Surgery and adjuvant radiotherapy in patients with cutaneous head and neck squamous cell carcinoma metastatic to lymph nodes: combined treatment should be considered best practice

Michael J Veness, Gary J Morgan, Carsten E Palme, Val Gebski
Laryngoscope 2005, 115 (5): 870-5

OBJECTIVE: Patients with cutaneous squamous cell carcinoma (SCC) may develop metastatic SCC to nodes in the head and neck. Recent data support best outcome with the addition of adjuvant radiotherapy. This study aims to present further supportive evidence.

STUDY DESIGN: Retrospective chart review.

METHODS: Patients were identified with metastatic cutaneous SCC to nodes of the head and neck treated with surgery or surgery and adjuvant radiotherapy. Relapse and outcome were analyzed using Cox regression analysis. Disease-free survival and overall survival rates were calculated using Kaplan-Meier survival curves.

RESULTS: Between 1980 to 2000, 167 patients were treated with curative intent at Westmead Hospital, Sydney. Median age was 67 years (range, 34-95) in 143 men and 24 women with a minimum follow-up of 24 months. Patients underwent surgery (21/167; 13%), or surgery and adjuvant radiotherapy (146/167; 87%). The majority (98/167; 59%) of metastatic nodes were located in the parotid and/or cervical nodes. The remaining 69 (41%) had metastatic cervical nodes (levels I-V). Forty-seven patients (28%) had recurrences, with the majority (35/47; 74%) as locoregional failures. On multivariate analysis, spread to multiple nodes and single-modality treatment significantly predicted worse survival. Patients undergoing combined treatment had a lower rate of locoregional recurrence (20% vs. 43%) and a significantly better 5-year disease-free survival rate (73% vs. 54%; P = .004) compared to surgery alone.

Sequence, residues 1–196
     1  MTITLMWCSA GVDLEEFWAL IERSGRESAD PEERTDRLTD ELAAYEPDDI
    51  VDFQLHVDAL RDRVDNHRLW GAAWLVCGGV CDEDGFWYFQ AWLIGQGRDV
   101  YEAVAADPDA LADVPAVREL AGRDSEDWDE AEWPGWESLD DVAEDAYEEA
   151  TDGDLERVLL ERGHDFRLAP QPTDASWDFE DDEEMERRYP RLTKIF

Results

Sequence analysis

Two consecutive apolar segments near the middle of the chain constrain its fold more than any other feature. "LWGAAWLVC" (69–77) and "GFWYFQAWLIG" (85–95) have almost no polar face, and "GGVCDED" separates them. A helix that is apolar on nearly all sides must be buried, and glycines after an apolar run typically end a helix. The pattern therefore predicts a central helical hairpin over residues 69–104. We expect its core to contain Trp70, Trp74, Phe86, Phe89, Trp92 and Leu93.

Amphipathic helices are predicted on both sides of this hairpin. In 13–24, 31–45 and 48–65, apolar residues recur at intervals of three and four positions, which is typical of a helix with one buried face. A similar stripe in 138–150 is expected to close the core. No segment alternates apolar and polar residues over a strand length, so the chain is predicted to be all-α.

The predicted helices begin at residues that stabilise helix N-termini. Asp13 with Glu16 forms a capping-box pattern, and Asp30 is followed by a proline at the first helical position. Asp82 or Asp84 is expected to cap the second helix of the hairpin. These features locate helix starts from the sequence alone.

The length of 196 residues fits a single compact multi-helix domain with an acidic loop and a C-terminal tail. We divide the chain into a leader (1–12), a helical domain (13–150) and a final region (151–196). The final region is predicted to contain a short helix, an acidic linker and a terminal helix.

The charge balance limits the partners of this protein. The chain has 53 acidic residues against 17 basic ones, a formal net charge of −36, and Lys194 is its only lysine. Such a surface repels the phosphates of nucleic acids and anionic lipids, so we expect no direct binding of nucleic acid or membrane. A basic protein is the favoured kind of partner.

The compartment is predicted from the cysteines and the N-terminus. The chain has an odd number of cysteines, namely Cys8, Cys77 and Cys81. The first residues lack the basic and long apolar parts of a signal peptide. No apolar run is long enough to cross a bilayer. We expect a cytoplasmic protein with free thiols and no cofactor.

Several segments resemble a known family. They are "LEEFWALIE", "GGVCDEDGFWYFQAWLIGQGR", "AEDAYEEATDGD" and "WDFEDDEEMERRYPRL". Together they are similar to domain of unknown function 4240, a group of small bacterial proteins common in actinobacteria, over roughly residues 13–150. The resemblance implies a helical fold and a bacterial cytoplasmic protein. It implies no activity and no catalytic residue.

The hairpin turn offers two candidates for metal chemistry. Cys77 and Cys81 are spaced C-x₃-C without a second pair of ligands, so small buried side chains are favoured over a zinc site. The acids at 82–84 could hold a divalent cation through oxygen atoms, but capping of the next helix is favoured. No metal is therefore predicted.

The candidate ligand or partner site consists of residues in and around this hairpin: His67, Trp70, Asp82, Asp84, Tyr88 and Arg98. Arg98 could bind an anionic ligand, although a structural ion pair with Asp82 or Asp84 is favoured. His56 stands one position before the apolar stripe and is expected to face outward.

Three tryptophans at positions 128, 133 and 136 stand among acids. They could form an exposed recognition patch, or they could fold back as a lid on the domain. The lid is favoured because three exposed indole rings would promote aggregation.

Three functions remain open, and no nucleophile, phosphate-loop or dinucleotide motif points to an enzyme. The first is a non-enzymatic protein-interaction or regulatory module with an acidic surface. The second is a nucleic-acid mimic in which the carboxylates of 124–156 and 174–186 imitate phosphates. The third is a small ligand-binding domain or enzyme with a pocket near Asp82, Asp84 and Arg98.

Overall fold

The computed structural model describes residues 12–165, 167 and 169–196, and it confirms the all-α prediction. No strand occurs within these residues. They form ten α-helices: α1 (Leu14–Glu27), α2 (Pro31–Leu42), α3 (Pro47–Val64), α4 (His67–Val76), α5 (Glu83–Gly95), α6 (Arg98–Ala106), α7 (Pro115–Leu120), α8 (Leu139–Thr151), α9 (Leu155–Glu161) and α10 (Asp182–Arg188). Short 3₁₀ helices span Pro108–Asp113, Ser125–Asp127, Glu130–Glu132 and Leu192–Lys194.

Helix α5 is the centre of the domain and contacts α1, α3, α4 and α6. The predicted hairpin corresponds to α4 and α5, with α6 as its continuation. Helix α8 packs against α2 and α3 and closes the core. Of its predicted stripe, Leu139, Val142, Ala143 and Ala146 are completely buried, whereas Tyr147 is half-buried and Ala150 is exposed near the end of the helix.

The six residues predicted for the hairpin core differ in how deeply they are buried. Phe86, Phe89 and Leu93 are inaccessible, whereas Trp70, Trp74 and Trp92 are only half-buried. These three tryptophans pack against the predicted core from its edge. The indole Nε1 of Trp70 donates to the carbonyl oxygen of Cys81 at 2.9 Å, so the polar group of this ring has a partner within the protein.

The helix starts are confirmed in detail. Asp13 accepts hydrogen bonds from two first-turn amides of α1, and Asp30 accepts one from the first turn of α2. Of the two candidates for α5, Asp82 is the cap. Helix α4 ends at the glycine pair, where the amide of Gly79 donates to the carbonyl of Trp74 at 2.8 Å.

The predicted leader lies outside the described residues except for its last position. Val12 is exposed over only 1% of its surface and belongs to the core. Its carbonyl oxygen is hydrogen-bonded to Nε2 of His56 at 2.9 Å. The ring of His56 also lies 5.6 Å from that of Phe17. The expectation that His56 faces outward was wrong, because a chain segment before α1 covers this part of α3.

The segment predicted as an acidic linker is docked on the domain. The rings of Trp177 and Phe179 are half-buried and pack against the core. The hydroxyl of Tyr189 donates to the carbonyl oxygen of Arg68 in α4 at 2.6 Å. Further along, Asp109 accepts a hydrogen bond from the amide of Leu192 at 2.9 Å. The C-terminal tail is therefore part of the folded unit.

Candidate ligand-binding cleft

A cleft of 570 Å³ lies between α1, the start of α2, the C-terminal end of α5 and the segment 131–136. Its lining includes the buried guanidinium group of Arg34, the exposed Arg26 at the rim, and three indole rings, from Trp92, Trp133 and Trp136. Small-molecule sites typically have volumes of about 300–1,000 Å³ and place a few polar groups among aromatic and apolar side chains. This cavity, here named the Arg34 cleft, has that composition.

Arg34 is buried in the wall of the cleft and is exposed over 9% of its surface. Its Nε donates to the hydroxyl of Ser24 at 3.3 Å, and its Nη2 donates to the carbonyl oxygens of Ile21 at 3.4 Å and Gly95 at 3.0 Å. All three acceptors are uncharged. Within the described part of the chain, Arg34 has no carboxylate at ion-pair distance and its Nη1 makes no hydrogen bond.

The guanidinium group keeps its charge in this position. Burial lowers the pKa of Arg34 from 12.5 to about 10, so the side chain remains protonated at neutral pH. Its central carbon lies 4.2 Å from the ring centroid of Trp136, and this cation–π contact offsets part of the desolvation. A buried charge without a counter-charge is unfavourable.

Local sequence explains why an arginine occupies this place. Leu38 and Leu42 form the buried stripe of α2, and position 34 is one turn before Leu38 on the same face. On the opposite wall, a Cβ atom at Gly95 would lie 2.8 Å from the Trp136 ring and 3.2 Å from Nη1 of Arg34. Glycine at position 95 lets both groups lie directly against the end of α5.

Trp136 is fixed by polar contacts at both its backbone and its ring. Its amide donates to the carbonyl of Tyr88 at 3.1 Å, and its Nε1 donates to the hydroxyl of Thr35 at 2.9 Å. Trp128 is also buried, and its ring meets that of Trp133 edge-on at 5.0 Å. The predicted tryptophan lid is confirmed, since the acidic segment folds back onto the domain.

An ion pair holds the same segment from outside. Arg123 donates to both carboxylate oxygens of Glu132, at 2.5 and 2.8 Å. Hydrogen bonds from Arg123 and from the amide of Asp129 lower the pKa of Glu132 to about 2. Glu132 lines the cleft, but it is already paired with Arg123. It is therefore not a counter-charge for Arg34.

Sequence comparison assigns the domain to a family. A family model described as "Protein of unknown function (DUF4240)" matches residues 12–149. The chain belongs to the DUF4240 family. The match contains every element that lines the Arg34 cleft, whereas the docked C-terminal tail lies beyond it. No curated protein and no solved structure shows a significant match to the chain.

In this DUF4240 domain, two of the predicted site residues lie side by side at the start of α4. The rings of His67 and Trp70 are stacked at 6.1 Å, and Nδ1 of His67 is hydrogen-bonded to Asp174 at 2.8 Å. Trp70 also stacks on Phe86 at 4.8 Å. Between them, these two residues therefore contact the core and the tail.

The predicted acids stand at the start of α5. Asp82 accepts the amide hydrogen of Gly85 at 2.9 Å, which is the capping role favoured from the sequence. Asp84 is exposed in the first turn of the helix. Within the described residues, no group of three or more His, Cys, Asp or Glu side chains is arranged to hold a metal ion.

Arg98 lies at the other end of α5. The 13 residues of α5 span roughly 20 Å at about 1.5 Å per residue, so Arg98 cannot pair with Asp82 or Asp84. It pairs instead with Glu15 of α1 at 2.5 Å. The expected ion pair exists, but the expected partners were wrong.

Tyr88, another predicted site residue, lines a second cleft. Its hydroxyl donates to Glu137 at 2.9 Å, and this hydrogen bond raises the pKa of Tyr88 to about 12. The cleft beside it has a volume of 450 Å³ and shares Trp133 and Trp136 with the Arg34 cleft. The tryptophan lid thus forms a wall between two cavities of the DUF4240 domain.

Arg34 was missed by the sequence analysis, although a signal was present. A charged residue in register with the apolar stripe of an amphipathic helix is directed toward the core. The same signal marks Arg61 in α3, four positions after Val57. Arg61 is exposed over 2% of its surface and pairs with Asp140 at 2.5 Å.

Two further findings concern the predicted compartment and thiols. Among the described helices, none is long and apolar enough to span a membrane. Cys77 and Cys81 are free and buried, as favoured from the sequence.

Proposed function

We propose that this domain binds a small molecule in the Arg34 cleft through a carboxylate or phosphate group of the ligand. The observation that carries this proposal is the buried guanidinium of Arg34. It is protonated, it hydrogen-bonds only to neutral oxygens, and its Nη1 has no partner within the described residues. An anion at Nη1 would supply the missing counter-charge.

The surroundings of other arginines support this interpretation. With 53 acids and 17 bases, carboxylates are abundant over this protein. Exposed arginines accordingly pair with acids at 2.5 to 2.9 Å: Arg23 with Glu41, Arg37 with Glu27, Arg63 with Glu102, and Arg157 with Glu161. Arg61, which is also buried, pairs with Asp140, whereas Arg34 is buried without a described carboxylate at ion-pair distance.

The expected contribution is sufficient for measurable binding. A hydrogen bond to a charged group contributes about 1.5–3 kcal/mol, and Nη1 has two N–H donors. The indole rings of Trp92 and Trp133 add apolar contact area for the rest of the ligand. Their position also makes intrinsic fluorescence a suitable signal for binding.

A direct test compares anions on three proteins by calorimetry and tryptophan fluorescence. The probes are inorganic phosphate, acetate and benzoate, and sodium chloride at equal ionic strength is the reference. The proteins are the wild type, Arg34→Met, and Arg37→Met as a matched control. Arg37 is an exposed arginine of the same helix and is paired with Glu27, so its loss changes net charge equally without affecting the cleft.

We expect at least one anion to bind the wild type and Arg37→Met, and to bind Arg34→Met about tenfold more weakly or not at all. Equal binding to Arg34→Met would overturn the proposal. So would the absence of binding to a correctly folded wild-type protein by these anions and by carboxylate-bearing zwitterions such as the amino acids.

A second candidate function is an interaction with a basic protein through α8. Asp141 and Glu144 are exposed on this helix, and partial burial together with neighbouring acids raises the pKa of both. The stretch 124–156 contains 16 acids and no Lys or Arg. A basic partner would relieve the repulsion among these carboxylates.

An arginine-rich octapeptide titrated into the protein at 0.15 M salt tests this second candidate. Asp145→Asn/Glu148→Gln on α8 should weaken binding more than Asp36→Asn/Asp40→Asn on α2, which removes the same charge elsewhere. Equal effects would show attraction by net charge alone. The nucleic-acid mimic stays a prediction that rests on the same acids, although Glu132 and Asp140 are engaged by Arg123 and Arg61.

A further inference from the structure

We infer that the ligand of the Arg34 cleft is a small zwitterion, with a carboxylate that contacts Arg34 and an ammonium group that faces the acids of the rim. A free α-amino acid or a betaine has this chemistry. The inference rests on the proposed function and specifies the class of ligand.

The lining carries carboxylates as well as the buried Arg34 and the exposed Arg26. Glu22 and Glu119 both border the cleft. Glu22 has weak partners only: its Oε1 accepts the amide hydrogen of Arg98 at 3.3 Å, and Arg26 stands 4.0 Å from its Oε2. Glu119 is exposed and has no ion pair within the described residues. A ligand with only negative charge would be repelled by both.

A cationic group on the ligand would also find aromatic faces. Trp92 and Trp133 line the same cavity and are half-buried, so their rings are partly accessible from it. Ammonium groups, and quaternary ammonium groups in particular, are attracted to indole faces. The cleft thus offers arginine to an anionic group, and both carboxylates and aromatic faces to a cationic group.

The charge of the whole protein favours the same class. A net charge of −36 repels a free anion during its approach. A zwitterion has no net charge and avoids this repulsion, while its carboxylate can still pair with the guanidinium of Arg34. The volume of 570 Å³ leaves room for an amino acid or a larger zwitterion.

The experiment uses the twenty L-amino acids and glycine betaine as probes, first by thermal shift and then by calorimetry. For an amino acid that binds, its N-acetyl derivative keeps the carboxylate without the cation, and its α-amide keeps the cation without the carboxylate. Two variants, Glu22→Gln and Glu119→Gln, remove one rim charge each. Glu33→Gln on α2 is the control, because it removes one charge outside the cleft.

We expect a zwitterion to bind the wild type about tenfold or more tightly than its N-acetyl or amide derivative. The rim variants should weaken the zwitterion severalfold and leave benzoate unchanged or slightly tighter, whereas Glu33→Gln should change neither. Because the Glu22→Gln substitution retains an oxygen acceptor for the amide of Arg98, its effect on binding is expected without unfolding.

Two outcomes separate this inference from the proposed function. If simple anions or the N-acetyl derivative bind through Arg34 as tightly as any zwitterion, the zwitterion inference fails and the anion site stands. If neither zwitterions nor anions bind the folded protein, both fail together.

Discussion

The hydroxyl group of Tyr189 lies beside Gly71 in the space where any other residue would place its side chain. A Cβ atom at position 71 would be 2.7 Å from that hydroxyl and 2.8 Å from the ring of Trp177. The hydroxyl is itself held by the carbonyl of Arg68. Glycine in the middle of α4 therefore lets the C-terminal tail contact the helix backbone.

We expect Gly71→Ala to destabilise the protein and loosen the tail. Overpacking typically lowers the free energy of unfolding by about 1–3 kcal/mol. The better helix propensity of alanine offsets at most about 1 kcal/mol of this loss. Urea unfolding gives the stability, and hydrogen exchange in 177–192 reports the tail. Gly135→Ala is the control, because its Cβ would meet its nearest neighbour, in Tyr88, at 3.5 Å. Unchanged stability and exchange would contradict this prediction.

CONCLUSIONS: In patients with metastatic cutaneous head and neck SCC, surgery and adjuvant radiotherapy provide the best chance of achieving locoregional control and should be considered best practice.

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